BlackRock explored rival Credit Suisse’s takeover bid

BlackRock has crafted a competing bid for Credit Suisse that would trump a Swiss central bank-approved plan for UBS to acquire its struggling rival, five people with knowledge of the matter told the Financial Times.

The US investment giant has evaluated a number of options and spoken to other potential investors, people briefed on the matter said. Among the options were offers for only parts of the business.

However, BlackRock said on Saturday that it “is not involved in any proposed acquisition of all or part of Credit Suisse, and has no interest in doing so.”

Larry Fink, co-founder and chief executive of the $8.6 billion fund manager, was leading the offering, according to people familiar with the matter. Fink previously worked at First Boston, the investment bank of Credit Suisse.

BlackRock was working informally with senior bankers at Perella Weinberg to explore a potential offer, two people with direct knowledge of the matter told the FT. However, BlackRock halted work on Friday as they did not see an attractive option.

The firm has long been one of Credit Suisse’s investment banking biggest clients, particularly its fixed-income trading desk. A deal, particularly for its US arm, would be an opportunistic way to bring business capability in-house, one of the people said.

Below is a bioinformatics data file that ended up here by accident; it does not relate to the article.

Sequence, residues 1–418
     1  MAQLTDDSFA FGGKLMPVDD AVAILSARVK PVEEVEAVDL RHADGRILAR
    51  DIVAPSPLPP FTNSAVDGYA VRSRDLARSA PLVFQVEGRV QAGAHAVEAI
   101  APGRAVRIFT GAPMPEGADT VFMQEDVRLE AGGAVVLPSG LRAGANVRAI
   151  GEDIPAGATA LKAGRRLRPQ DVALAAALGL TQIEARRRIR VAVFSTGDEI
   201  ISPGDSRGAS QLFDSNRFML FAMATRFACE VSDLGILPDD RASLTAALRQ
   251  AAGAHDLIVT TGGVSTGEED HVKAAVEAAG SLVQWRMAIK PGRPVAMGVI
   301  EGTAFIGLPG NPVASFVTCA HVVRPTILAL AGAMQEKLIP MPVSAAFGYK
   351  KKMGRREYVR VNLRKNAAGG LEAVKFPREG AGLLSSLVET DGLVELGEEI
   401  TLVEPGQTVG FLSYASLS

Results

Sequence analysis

Any deal would face significant regulatory hurdles in Europe and the United States.

The Swiss National Bank and regulator Finma favor a Swiss solution to resolve the crisis at Credit Suisse, according to people familiar with the matter.

Flight announced Friday that the SNB and Finma are orchestrating negotiations between Credit Suisse and UBS in an attempt to restore confidence in the country’s banking sector. The pair explored a transaction that could result in a full or partial combination between the banks.

The talks came days after the central bank was forced to provide a 50 billion Swiss franc ($54 billion) emergency line of credit to Credit Suisse.

However, that support failed to halt a plunge in the bank’s share price, which fell to record lows after its biggest investor ruled out providing more capital and its chairman admitted that he continued to experience an exodus of wealth management clients.

Credit Suisse declined to comment.

Additional reporting by Laura Noonan and Brooke Masters

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